Stay focused on what your child is learning and on developmental growth.  Don’t discuss other children, unless you want to mention that your child plays with another child outside of school.  Keep an open mind about any behavioral issues.  Work out solutions together, so your child has a consistent set of expectations at home and at school.

Ask about the program and what to expect.
Learn about the curriculum and what is coming up in the next few months. Find out how you can participate.  Ask the teacher about activities you can do at home to nurture and encourage learning. Share information about activities you do with your child at home.

Seek out opportunities to stay involved.
Before you leave the conference, ask the teacher how you can work together and what kind of opportunities the school has for parent involvement. Thank the teacher for her time.

Temperamental Fit Between Parent and Child

Dr. Kyle Pruett AIt is good to remind ourselves that our children are developing in very close proximity to us and to our own capacities to feel shame and invoke our consciences in useful, constructive ways.  It will help to take a brief look at our own styles and think about how they will affect our children at this age.

The temperamental “fit” between parent and child plays a big role in the limit-setting process.  If this process is to work well, the challenge is to keep drawing your child toward greater and greater self-control.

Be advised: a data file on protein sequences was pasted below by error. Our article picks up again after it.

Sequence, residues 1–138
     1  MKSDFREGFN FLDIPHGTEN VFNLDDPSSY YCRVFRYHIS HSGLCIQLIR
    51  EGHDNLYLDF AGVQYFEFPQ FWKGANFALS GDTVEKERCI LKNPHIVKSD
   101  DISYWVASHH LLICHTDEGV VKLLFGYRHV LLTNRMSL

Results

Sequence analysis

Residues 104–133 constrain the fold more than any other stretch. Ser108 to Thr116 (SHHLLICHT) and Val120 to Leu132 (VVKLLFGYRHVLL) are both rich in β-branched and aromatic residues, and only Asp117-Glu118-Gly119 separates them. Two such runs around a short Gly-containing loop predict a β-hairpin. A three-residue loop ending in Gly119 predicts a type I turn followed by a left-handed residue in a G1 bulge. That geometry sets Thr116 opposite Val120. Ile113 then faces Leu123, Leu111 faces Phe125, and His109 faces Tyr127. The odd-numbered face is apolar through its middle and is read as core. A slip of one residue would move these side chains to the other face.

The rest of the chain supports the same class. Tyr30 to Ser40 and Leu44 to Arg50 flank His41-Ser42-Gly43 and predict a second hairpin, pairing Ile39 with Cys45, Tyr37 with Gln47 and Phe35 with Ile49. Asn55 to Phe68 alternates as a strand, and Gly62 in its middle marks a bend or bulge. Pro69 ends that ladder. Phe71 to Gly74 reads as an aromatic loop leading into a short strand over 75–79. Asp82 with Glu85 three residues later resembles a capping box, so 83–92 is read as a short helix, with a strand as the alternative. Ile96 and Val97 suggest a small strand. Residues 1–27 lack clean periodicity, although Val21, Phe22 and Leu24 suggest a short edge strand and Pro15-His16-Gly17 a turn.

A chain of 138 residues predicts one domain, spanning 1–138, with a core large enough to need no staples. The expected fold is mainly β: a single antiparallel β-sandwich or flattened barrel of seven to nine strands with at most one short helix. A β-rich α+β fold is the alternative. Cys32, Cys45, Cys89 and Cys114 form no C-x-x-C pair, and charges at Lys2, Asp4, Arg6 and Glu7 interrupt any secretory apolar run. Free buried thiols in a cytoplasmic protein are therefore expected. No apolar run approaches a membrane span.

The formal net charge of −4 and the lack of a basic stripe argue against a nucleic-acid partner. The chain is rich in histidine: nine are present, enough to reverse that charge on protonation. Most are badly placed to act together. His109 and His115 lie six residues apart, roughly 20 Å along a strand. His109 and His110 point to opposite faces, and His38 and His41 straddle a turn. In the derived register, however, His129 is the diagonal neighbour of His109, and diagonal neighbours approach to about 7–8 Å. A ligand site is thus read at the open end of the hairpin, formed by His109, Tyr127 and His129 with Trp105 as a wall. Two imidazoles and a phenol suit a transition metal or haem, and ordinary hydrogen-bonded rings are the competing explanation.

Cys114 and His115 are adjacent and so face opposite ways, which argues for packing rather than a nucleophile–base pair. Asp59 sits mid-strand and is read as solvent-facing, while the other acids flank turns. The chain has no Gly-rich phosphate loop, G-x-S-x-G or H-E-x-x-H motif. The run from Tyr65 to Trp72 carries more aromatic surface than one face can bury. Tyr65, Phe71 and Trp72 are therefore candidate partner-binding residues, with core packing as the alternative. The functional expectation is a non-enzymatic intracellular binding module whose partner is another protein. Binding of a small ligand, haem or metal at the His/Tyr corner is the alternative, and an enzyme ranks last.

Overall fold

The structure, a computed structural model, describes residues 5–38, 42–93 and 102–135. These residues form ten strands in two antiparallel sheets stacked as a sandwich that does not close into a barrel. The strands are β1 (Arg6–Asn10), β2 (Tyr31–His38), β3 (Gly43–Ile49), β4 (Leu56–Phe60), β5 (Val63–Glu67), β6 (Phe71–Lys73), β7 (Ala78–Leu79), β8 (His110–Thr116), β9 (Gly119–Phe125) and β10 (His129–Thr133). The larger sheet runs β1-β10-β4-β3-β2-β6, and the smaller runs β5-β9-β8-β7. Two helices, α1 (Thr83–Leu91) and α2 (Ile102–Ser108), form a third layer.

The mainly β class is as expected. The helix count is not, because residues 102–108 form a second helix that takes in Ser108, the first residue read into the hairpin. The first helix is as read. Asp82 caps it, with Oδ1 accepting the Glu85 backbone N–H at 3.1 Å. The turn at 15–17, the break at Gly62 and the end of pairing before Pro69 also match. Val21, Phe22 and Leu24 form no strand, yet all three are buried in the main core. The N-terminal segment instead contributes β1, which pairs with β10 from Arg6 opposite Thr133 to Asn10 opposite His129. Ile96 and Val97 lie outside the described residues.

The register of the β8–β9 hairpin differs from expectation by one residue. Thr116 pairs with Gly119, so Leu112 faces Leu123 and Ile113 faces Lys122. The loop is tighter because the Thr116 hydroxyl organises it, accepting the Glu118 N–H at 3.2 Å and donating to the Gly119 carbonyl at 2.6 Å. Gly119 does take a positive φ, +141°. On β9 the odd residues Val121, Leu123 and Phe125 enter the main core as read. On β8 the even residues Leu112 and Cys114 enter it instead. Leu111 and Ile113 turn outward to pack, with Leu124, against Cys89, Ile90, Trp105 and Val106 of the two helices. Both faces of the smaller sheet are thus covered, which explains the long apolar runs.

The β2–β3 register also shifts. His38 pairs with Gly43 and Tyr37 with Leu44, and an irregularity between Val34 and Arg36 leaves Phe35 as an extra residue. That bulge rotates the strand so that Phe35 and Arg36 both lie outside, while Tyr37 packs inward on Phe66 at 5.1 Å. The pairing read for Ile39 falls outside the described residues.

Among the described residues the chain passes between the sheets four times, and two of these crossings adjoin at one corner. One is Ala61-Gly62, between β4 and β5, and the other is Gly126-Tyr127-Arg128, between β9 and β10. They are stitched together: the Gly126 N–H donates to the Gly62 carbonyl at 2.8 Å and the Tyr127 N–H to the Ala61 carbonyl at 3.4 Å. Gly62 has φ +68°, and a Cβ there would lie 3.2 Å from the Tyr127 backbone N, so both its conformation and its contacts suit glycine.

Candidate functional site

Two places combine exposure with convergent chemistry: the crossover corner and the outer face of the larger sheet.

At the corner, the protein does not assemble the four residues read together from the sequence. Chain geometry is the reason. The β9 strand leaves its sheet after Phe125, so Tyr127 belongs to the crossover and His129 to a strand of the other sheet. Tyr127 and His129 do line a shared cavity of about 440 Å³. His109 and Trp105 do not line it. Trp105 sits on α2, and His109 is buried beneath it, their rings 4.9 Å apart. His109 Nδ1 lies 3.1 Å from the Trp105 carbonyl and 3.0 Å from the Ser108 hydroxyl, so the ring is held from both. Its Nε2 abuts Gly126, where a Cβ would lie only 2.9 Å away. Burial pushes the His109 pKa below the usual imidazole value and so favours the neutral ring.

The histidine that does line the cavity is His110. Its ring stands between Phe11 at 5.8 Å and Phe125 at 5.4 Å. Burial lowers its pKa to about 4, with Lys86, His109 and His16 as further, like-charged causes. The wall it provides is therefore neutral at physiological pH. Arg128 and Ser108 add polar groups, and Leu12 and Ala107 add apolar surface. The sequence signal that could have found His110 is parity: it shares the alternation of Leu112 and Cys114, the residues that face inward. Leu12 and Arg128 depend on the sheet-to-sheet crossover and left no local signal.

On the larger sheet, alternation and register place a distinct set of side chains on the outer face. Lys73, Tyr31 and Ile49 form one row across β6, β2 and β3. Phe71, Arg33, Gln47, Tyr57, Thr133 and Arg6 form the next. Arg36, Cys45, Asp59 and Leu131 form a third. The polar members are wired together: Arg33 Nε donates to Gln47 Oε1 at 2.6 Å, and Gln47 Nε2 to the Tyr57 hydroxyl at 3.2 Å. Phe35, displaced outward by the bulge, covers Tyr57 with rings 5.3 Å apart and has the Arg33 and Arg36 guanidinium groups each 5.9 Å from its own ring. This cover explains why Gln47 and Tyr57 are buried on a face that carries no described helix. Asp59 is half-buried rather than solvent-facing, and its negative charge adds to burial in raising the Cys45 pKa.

The fit or match between your style and that of your toddler will never be perfect, nor should it be.  However, thinking about how you affect each other can greatly increase the ease with which you set limits for her and help her stay in control when she is threatening to “lose it.”

When you are well tuned to your child, both of you are likely to feel more in control.  As a result, your child doesn’t have to resort to ever more dramatic tactics, like shutting down completely or running away.

By the same token, repeated misreading of what a child needs in the limit-setting realm, coupled with too little or too much discipline, leaves her feeling confused and that she has failed as a communicator.  These feelings, in turn, lead to a sense of uselessness and hopelessness.  So it’s a good idea to periodically reassess your style and that of your child to see where differences could be helpful or troublesome.

Ask the Expert: Parents and Their Daughter’s Self-Esteem

“What can my husband and I do at home to build and reinforce our eight-year-old daughter’s confidence so she is self-assured when she is with her friends?

Family - Mom Daughter AYou can do a lot, but exact amount depends on your daughter’s personality. Who she is determines what you can and can’t do at home, so be honest about her temperament. A lot also depends on who her ‘friends’ may be at any given moment. As you know, eight-year-old girls often have transient friendships. These are practice friendships; your daughter’s main influences are still mainly you and your husband, and not her friends, for the time being.